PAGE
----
Tathagato Chakraborty and Yotala Oszkay
Graduate Research Fellows at the Center for Economic Development
Opportunity: Meaning and Mapping
Spatial variation in access to resources, institutions, and services directly impacts life chances. While geographies of opportunity create advantages for residents of stable and privileged areas, areas where opportunity is lacking are more likely to do the opposite, fostering concentrated disadvantage and a lack of upward social mobility among residents.
The Mapping Opportunity project explores the spatial variation in opportunity across the Milwaukee -Waukesha-West Allis Metropolitan Statistical Area (Milwaukee Metro Area). Neighborhoods (represented as census tracts) are ranked on three Opportunity Dimensions, Economy, Education, and Housing, using several socioeconomic indicators. By creating a composite measure based on these indicators—called the Opportunity Index—we measure the overall level of opportunity for each of the 428 census tracts in the four-county Milwaukee region.
Mapping Opportunity is a novel attempt to measure the spatial distribution of opportunity to better understand how spatiality shapes and influences neighborhoods and the people who reside there. We hope this project will be a useful tool for public officials, community organizations, academics, students, and others interested in the geography of opportunity in the Milwaukee Metro Area.
Navigating and Reading the Map
The Opportunity Index map is showcased as a web application using the ESRI ArcGIS Online platform. The map is color-coded: darker shades indicate higher levels of opportunity and vice-versa. The 428 census tracts in the region are divided into 5 intervals, from high to low, based on their ranks in the Opportunity Index. Each interval represents 20% of the total census tracts ranging from lowest (Rank 428) to highest (Rank 1) opportunity (see table below). By clicking on a census tract of interest, you can see more detailed information on the indicators used to construct the Index. Additional information, not used in calculating the rank of census tracts, is also provided about the racial and ethnic composition of each tract.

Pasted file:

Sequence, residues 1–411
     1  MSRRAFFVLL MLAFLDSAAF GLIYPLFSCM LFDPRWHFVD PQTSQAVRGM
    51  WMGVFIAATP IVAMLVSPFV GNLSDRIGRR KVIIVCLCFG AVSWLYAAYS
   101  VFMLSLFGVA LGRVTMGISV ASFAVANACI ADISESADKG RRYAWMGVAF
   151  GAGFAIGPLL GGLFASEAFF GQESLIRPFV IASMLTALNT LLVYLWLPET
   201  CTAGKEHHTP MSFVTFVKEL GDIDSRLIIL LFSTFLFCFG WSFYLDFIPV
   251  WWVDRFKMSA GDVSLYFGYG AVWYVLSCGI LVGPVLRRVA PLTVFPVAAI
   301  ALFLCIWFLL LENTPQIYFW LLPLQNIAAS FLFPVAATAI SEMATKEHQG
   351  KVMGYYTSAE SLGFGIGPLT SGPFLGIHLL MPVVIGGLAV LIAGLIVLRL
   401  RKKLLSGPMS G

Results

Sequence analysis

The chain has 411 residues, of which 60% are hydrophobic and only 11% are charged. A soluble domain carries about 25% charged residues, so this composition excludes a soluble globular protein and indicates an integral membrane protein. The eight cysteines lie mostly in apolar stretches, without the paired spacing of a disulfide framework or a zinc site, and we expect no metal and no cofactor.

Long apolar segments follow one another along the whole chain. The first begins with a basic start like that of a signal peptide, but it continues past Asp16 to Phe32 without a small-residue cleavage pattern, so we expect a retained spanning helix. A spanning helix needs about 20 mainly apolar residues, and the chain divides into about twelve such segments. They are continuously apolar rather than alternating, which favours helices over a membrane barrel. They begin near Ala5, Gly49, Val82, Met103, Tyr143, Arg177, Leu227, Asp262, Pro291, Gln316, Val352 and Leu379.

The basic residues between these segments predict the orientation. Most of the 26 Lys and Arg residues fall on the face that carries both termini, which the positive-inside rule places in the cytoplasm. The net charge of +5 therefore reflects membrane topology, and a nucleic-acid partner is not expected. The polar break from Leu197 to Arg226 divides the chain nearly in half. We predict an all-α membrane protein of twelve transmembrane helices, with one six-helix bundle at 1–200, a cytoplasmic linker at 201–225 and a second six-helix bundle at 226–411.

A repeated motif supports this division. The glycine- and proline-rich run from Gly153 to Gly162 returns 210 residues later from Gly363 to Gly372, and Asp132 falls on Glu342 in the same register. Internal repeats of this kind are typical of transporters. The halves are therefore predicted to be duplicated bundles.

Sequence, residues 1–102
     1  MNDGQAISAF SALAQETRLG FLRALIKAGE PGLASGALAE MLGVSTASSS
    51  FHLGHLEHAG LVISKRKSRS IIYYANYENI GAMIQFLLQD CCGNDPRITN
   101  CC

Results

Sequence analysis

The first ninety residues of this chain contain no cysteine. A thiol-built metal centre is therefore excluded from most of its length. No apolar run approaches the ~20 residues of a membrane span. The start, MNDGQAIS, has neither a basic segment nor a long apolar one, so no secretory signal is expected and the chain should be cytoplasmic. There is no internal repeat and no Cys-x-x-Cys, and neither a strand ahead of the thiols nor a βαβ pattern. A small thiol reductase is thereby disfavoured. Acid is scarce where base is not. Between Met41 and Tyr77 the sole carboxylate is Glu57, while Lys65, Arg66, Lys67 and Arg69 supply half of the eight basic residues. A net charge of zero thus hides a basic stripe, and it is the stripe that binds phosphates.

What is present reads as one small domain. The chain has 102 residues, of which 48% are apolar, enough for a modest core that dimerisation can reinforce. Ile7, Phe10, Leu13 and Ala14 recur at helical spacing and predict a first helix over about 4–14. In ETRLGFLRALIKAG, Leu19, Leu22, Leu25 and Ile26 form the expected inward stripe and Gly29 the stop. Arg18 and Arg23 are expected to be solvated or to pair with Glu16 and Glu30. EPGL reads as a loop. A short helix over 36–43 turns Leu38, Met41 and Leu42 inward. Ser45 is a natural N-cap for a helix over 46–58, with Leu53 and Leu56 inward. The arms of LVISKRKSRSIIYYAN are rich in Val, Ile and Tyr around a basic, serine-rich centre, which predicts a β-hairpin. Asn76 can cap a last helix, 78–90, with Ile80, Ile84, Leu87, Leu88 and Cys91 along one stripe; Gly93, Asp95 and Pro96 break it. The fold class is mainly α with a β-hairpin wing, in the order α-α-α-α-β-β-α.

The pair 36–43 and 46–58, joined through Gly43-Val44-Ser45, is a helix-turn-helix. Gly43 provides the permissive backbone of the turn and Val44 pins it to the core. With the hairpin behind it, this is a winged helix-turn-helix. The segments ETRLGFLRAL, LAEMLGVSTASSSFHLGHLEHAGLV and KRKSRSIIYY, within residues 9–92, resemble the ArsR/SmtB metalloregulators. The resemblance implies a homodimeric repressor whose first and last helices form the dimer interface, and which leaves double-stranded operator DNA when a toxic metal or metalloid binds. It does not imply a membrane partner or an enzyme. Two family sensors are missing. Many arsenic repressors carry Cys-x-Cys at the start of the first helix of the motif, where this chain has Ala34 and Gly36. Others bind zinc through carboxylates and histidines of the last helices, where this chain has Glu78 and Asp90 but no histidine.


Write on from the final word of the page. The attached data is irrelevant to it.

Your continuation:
Table: Group Classification, Rank, and associated Opportunity Categories
|Opportunity Categories||Group Classification||Rank||Number of Census Tracts|
|Very High Opportunity||0-20%||1-86||86|
|Very Low Opportunity||80.1% - 100%||344- 428||85|
For details about the data and methodology, please click here.
We express our sincere thanks to Prof. Joel Rast, Lisa Williams, and Dr. Yaidi Cancel Martinez at the Center for Economic Development for their valuable comments and suggestions and support. We also express our sincere thanks to Stephen Appel, Geospatial Information Librarian at the American Geographical Society Library, University of Wisconsin-Milwaukee, for his guidance on the geovisualization process.
Tathagato Chakraborty is a PhD candidate (Urban Studies) and a Graduate Research Fellow at the Center for Economic Development, University of Wisconsin-Milwaukee.
Yotala Oszkay is a PhD candidate (Sociology) at the University of California, Los Angeles and a Graduate Research Fellow at the Center for Economic Development, University of Wisconsin-Milwaukee.
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